Geek Native’s Irregular Reconnaissance column is designed to offer up some spoiler-free and quick-fire mini anime reviews.
Your reward for scanning the list? The hope is that these scout reports help with the informed discovery of your next anime show.
It feels more helpful than ever with giants like Sony (Crunchyroll and Funimation) and Netflix throwing money into a fierce content battle. Meanwhile, Amazon and smaller sites like HiDive and even Hulu aren’t surrendering either. It’s a far cry from the time when any anime here in the West was expensive and treasured.
Given the vast array of options and the happily constant stream of incoming shows, we all benefit from scout reports. Is there an anime you want to flag as a “watch this” or “avoid this”? Let us know, avoiding spoilers, in the comments.
Equally, if there are any titles you’re interested in and hope someone has an opinion on, let us know, and a reader might have some helpful thoughts in response.
In this Irregular Reconnaissance;
Boruto: Naruto Next Generations
Episodes 190 to 195
You have to appreciate the longevity of Naruto and Boruto as even after hundreds of episodes, there are fresh stories to explore, new angles and characters come and go.
If Naruto was defined by an insider tearing himself painfully away from the group, I’m beginning to wonder whether one plot arc for Boruto is the opposite of an outsider being adopted by the group.
In previews Boruto reviews, I’ve marvelled at the interesting technology of this alternative world. There are what appears to be computers in this world, yet the idea of raising an aerial into the sky so that radio waves can go further was considered innovative.
In past series, we’ve had almost mystical baddies, and in this, the technology levels of the secretive organisation that the Leaf Ninja will have to face is impressive.
Easy decision; I’ll keep watching.
Sword Art Online Alternative: Gun Gale Online
Episode 6 to 12
I’m glad I gave Gun Gale a chance. Not that I didn’t enjoy watching the original series of Sword Art Online. It’s just that it hasn’t matured that well in my mind. I don’t look back with rose-tinted glasses; I look back with some scepticism.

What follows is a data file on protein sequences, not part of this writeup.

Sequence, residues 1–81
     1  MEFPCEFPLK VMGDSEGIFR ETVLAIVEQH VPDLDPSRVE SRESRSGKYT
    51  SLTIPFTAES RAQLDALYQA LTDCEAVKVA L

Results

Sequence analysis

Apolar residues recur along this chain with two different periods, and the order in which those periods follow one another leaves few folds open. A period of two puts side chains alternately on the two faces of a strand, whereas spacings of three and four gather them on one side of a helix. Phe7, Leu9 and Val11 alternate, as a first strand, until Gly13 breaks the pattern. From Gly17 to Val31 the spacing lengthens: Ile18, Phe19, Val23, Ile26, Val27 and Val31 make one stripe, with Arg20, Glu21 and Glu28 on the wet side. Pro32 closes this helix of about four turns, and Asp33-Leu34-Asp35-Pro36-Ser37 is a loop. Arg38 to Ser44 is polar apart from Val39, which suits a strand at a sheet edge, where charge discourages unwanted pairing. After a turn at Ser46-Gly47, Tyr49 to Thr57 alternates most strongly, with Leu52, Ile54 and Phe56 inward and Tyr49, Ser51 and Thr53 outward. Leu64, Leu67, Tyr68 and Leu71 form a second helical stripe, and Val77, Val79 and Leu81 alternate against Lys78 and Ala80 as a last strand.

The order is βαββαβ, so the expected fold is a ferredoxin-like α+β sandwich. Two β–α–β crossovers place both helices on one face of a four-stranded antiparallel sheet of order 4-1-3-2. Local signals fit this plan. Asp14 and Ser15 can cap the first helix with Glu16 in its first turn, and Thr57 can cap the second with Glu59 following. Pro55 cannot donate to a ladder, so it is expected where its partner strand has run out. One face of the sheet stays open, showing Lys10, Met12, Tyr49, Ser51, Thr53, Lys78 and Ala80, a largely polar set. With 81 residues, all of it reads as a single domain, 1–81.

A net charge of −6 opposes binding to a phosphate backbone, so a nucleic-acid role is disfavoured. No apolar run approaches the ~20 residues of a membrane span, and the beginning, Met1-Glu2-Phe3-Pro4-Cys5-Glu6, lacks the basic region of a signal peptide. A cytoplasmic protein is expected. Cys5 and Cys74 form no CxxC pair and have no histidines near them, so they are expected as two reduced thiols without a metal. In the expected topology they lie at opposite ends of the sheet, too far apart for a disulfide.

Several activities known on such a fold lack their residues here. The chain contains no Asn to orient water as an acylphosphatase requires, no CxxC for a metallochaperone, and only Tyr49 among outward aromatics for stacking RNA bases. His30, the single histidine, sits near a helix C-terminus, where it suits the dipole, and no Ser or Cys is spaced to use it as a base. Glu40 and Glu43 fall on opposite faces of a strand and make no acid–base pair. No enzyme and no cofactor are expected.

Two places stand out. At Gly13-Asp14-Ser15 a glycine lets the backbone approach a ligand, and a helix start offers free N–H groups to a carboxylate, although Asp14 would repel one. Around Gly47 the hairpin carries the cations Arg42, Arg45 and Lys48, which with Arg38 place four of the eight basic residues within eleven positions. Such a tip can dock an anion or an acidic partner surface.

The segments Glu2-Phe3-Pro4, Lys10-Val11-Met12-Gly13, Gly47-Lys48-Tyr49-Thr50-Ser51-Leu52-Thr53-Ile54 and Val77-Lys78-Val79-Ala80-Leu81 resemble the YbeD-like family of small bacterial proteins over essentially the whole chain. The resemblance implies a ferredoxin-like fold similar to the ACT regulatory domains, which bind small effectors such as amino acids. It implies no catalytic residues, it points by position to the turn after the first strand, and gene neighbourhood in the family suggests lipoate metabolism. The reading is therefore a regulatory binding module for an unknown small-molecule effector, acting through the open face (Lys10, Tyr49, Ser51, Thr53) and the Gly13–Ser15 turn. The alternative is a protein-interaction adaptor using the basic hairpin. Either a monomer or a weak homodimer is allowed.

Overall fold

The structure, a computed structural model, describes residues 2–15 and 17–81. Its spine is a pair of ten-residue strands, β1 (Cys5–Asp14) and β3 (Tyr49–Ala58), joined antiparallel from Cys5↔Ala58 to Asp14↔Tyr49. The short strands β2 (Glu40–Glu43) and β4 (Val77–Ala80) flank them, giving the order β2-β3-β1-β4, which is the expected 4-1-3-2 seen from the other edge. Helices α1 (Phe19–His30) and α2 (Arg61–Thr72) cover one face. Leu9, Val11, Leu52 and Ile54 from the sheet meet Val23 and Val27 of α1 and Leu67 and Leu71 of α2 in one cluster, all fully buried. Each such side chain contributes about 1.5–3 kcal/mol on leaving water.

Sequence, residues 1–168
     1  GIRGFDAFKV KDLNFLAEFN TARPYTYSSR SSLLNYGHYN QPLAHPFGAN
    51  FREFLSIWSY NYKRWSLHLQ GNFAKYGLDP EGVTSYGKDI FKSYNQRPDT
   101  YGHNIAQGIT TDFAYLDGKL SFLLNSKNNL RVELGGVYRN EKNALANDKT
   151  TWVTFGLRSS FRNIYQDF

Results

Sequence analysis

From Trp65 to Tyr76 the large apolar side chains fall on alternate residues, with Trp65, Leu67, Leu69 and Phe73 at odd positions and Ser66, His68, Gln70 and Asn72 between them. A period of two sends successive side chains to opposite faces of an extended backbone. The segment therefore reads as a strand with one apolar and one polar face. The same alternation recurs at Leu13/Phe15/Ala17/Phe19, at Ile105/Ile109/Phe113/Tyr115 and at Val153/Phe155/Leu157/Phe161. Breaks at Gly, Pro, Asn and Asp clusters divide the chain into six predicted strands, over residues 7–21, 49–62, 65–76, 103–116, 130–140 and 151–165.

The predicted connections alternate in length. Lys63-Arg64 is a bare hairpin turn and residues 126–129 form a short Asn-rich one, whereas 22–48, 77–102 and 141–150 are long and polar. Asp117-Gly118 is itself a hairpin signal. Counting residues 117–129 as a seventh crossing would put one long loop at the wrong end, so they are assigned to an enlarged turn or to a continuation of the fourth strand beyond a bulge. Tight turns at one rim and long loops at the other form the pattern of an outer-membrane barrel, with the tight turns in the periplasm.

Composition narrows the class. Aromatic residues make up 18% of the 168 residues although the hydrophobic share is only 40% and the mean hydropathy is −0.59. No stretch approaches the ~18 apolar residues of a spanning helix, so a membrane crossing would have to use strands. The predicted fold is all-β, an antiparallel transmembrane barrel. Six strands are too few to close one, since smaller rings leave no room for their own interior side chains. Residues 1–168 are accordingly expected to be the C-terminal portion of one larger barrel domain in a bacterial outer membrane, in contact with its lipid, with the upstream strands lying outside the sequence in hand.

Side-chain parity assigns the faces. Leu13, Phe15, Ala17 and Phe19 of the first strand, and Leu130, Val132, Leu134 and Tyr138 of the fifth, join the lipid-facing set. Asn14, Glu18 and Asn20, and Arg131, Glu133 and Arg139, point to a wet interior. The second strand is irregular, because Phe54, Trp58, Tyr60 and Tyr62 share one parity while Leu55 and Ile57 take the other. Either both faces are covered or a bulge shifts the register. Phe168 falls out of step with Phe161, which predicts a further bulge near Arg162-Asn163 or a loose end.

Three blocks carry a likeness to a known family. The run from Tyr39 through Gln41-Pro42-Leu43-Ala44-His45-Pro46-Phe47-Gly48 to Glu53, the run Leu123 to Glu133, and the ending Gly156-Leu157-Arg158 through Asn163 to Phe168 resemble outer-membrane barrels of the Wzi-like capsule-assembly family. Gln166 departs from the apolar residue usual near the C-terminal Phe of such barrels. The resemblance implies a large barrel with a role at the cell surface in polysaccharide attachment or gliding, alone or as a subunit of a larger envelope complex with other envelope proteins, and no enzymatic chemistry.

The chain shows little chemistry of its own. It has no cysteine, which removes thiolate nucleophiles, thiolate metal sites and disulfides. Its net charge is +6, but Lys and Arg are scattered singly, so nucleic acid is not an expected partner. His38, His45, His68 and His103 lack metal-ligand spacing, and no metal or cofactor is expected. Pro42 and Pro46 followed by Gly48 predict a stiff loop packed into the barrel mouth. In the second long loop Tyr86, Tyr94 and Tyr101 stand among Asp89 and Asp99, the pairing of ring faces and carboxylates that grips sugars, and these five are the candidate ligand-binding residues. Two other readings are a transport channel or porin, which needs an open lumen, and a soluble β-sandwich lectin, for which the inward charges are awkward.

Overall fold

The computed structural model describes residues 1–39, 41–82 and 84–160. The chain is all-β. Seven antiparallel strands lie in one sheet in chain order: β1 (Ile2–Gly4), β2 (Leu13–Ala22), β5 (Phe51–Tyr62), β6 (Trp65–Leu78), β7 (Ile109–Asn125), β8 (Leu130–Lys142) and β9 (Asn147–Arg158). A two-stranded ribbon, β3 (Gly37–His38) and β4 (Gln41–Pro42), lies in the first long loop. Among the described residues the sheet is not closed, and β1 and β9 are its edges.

Gun Gale is fresh. The show doesn’t seem to make that much of a big deal out of the lead character being female. Or that she prefers to play in pink. One whole point of Gun Gale is that people can be very different online than how they are in real life.
Gun Gale also points out that even if computer games aren’t deadly like the original Sword Art Online, what happens in them can be meaningful and impactful in real life.
That said, the ultimate finale trails off without the same bold strokes and action that marked the rest of the series, and that’s a small shame.
No Guns Life
Episodes 4 to 6
No Guns Life has enough surprises in these first half-dozen episodes to reassure me that this is a well-scripted story and not just a concept (a guy with a gun head!) brought to life.
So far, the monsters aren’t the machine-hybrids, the cyborgs that people in the streets are afraid of, but the mega-corporation monopoly seems even to bully governments.
Surprised? No, nor me.
The dominos keep falling. What No Guns Life shows is that no good deed goes unpunished. In a world where the rich want to carry on with their own schemes, anything that looks like a wrinkle needs to be ironed out, which means applying heat and weight in equal measure.
However, despite the careful weaving of interests up to now, I fear No Guns Life may be heading to just a showdown at high noon ending.
Episode 4 to 6
Magatsu Wahrheit is appropriately bleak and dark at times, and it’s amazingly matter of fact about it. I’m reminded so much of movies about life under Nazi oppression in war-torn Europe, except the sides aren’t so clear cut in Magatsu Wahrheit.
The monster problem that has been so carefully foreshadowed is now rising to the surface and surprising. It might be the thing that brings opponents together, but it might also raise the states beyond any hope of reconciliation. Yes, I’ll be watching the next few episodes with some trepidation!
However, the synopsis for Magatsu Wahrheit and the opening sequence remains inexplicable to me. What was that drama with giant lights? Perhaps the anime’s origins as a roleplaying game clue people in. I’m just left to hope there won’t be any dramatic lurches or changes in tone to suddenly make a carefully paced story suddenly merge with the fast lane.
Tiger & Bunny
Episodes 16 to 25
I’m pleased that I carved out the time to watch Tiger & Bunny. It was worth it. The anime does join the list of “first animes to watch” recommendations.
While Tiger & Bunny is a good anime for first-timers since it mixes action with a reasonably twisty (but never knotted plot), character development and some stunning visuals, there’s also plenty in the show for old cynics like me.
In particular, Tiger & Bunny is both a homage and a pastiche of its own genre. But very gently.
I suppose it’s a little on the long side, I imagine we could have gotten to the finale with fewer distractions, but I’m glad the team got permission to tell the story they wanted.
If you’ve discovered any anime that is hit or miss, consider letting us know in the comments below.